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Hysterectomy

Today, surgical removal of the uterus is a much easier operation to undergo for most women than it was in the past. Still, responsible gynecologic practitioners such as those at Lourdes recommend this procedure only if other forms of treatment are not an option or have not been successful, and the patient wishes to have her uterus removed to address disease or symptoms. While hysterectomy may solve any number of gynecologic conditions, it comes with its own set of additional personal and physical considerations that women must consider carefully. Lourdes gynecologists concur with this operation only after extensive evauation and thorough, informed conversations with the patient.

Hysterectomy is one of the most common forms of surgery for women in the U.S., where gynecologic surgeons safely perform hundreds of thousands of these procedures each year. In about half of these cases, the operation is intended to serve as definitive treatment for uterine fibroids or abnormal uterine bleeding. Other common reasons for the procedure include such conditions as uterine prolapse, endometriosis or cancer in the pelvic region.

Patients who elect to undergo hysterectomy may have uterine fibroids; severe endometriosis; disabling, unresponsive menstrual cramps; unrelenting, heavy vaginal bleeding; or cancer, among other conditions.

Lourdes’ experienced gynecologic surgeons use either a standard laparoscopic approach (which usually involves three small puncture incisions in the pelvis) or robot-assisted surgery (which requires four our five slightly larger hole-like incisions) in performing hysterectomies, depending on the size and condition of the patient, and the scope of the procedure.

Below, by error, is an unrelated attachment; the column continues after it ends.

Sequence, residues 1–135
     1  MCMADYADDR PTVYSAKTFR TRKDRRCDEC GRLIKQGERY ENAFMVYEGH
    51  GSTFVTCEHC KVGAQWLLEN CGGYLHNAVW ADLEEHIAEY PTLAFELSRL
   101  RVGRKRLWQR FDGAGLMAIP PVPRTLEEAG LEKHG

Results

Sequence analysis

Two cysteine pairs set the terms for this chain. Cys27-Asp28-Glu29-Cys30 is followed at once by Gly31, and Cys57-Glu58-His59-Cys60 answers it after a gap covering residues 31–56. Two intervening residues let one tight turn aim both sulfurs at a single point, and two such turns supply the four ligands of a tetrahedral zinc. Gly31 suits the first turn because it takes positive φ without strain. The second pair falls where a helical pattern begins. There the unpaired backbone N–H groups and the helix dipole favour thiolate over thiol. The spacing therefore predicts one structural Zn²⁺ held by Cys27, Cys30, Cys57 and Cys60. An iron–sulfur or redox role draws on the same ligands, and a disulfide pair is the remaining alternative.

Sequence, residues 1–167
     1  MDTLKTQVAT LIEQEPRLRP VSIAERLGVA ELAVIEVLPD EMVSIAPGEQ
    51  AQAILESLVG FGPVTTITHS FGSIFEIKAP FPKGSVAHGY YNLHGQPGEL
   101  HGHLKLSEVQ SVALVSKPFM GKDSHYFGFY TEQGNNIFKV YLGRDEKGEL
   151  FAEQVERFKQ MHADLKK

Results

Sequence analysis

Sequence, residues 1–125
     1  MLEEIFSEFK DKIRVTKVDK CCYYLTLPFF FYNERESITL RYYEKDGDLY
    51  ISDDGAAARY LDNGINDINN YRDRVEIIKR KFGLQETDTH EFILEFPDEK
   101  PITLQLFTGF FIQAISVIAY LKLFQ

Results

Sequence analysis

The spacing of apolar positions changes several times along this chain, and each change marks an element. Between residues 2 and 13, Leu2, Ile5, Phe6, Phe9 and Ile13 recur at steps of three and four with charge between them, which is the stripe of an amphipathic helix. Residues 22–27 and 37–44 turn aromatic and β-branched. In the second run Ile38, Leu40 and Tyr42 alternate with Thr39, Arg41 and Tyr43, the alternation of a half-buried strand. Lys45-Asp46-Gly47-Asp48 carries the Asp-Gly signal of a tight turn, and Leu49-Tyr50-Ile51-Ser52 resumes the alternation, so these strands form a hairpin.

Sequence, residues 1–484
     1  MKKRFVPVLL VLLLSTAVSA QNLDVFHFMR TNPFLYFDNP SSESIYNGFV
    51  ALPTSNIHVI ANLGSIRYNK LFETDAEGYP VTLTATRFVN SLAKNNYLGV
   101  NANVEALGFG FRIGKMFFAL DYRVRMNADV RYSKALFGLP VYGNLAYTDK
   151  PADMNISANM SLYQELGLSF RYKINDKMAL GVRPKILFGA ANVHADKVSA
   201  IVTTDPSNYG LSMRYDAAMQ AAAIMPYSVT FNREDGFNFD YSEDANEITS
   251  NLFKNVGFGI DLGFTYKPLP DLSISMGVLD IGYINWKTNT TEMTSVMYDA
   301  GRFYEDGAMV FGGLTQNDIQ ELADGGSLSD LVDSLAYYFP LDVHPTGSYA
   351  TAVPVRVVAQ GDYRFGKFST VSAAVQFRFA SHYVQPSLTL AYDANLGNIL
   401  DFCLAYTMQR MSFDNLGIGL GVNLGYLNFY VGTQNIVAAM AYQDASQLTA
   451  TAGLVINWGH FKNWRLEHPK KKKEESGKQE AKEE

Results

Supracervical or Complete

Among decisions involved in removal of the uterus is the determination of whether to leave in place the lower portion of the organ, the cervix, sometimes called the “mouth” of the womb. The Lourdes team provides two types of hysterectomy:

  • supracervical hysterectomy. In this operation, the surgeon removes all of the body of the uterus but leaves the cervix in place, for patients who are at low risk for cervical cancer. A sexually monogamous woman with a history of normal Pap smears, has a low risk of developing cervical cancer. In addition, leaving the cervix may help structurally, providing pelvic support to the vagina, bladder and rectum, and preventing prolapse. This is an important consideration if the cervix appears well supported prior to surgery. This support helps to prevent such conditions as stress urinary incontinence.Preserving the cervix may also help to preserve sexual function and satisfaction (although it is unlikely to have a connection to a woman’s orgasmic response.) Thus, if the patient has benign disease and no precancerous lesions, she may decide in favor of this approach. The disadvantage for the patient may be possible spotting and bleeding from endometrial cells retained on or around the cervix and the potential risk of cervical precancerous or cancerous lesions in the future.
  • total/complete hysterectomy. In this version of the operation, the gynecologic surgical team removes the cervix along with the uterus. If the patient has risk factors for cervical cancer or has precancerous cervical disease (dysplasia)—or if the cervix is otherwise compromised or physically abnormal—the team will often recommend complete removal. Patient preference is strongly considered in making a recommendation on whether to preserve the cervix.The removal also of the ovaries and fallopian tubes that sometimes accompanies a total hysterectomy, is called a salpingo-oophorectomy. If the patient has precancerous ovarian lesions, or a strong family history or risk of ovarian cancer, the gynecologic team may recommend this removal of the ovaries. But if menopause is in the distant future and the woman can benefit from ovarian function, oophorectomy may be avoided.